Marriage Wasn't Supposed to Be 'A Great Thing,' Says Esther Perel


In a new interview with The New Yorker, psychotherapist and podcaster Esther Perel shared the secrets to a functioning marriage, what kinds of problems couples bring to her office, and how our expectations for marriage far exceed the institution’s original, intended purpose.

Perel, who hosts a couples therapy podcast titled Where Should We Begin?, tells New Yorker staff writer Alexandra Schwartz that the idea that you should be happy with your marriage and with your husband or wife is a relatively recent invention:

[N]ever in the history of family life was the emotional well-being of the couple relevant to the survival of the family. The couple could be miserable for thirty years, you were stuck for life, you married once—and, if you didn’t like it, you could hope for an early death of your partner.

Yes. Go on.

Marriage was a pragmatic institution. You need to have it, but, once you’re in it, it’s not a great thing, and certainly not for the women.

Marriages survived because they had to—because that’s simply what marriages did. But now that these relationships are “an aggregate of multiple narratives,” i.e., now that woman feel more comfortable saying “but what about meeee,” you actually have to do shit like communicate needs and negotiate boundaries.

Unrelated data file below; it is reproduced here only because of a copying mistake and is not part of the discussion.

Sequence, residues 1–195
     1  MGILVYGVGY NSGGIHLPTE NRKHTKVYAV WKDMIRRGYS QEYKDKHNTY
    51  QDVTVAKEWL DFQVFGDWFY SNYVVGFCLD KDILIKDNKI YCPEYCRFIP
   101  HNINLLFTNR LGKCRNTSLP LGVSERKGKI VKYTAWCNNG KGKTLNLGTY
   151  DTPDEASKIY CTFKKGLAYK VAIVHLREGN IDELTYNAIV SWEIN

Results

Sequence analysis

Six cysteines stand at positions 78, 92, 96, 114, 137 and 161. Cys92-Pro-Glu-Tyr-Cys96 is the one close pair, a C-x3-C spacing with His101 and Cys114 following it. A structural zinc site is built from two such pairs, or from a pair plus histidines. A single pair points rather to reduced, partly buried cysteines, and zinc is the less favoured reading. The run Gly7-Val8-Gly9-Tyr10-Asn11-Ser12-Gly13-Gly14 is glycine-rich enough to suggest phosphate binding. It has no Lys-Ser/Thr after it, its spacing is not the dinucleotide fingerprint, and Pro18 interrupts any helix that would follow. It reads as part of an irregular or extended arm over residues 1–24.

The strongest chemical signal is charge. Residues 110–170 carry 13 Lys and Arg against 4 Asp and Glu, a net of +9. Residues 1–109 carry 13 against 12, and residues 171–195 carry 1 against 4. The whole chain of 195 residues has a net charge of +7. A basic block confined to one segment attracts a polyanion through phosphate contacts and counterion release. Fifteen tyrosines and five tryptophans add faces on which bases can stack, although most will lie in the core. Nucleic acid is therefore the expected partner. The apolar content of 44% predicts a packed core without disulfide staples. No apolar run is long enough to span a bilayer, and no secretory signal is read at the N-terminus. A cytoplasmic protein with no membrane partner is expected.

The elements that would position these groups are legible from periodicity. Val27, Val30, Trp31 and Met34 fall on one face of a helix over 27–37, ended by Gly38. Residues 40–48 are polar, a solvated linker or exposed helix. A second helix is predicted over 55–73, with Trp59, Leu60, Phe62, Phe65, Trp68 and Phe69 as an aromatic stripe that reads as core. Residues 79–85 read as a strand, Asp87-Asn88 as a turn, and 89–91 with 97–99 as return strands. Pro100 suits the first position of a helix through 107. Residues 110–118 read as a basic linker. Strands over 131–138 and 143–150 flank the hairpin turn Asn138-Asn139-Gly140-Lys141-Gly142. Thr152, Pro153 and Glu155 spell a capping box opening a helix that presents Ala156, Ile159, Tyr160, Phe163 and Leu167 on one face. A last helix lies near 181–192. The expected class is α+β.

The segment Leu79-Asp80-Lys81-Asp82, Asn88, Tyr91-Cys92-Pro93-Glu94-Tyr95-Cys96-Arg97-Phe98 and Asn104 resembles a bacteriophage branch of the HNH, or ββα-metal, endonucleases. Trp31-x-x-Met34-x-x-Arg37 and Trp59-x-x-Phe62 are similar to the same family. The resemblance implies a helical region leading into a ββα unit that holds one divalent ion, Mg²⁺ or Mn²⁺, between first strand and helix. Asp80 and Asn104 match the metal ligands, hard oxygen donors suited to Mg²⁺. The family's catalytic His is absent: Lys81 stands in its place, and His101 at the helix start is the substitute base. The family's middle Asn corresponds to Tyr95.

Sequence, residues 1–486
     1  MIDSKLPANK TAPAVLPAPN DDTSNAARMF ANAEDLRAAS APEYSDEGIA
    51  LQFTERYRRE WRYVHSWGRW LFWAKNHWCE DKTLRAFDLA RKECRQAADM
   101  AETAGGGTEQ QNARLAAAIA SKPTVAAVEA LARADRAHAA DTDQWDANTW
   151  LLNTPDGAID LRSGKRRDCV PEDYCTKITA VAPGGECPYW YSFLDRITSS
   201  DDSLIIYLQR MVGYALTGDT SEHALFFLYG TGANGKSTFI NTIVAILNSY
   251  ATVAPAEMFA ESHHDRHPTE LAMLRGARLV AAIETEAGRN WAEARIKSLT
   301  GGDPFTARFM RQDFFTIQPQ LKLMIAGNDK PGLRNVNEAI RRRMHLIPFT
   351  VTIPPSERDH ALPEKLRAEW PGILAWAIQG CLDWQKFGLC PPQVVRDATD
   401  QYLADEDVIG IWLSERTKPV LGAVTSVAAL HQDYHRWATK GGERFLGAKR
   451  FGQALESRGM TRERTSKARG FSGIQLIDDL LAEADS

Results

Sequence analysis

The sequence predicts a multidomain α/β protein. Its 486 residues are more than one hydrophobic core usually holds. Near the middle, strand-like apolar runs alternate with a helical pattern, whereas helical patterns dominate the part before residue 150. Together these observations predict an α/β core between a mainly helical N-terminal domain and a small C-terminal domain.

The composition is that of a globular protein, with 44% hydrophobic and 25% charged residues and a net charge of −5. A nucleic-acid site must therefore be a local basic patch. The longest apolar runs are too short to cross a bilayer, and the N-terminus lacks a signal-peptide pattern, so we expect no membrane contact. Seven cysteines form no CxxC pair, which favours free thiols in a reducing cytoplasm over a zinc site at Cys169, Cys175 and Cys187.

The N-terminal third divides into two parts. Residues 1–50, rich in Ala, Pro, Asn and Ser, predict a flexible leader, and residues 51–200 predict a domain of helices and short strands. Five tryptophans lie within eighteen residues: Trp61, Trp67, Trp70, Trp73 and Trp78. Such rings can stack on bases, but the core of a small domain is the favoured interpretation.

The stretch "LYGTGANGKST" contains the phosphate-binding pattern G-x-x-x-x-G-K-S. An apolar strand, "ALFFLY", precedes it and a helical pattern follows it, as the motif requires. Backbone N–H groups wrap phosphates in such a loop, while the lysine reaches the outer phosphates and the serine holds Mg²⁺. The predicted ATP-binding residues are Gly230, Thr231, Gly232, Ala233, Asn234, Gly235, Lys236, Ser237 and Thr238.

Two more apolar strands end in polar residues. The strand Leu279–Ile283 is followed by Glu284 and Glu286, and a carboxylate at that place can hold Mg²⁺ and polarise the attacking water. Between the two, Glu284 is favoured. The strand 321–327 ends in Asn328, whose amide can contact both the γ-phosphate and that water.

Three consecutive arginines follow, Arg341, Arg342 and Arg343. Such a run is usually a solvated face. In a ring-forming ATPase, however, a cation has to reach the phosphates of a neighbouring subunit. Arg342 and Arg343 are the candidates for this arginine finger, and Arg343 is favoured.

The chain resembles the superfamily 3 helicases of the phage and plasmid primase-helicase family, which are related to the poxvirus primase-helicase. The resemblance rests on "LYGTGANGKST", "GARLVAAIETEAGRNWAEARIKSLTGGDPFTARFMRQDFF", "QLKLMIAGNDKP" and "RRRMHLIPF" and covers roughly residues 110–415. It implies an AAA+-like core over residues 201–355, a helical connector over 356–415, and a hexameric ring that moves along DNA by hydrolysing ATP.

Perel continues:

[W]hat used to be defined by rules and duty and obligation now has to take place in conversation. And so everything is a freakin’ negotiation! You negotiate with your partner about what matters, where you want to live, if you want to have children, how many children do you want to have, if this is the right time to have children. It’s an absolute existential smorgasbord. But at the same time it’s very difficult to have to define everything ourselves. We are not just in pain for no reason, is what I’m trying to say.

In order for a couple to move forward, rather than stay “stuck” in “the same thing over and over again,” they must be flexible and adaptable, “so that these two people can engage in multiple different configurations with each other, and not just all the same thing,” says Perel. This seems like very good advice. I have nothing snarky to add to it, that which I have aggregated.

Read the rest of Parel’s interview on The New Yorker’s website.

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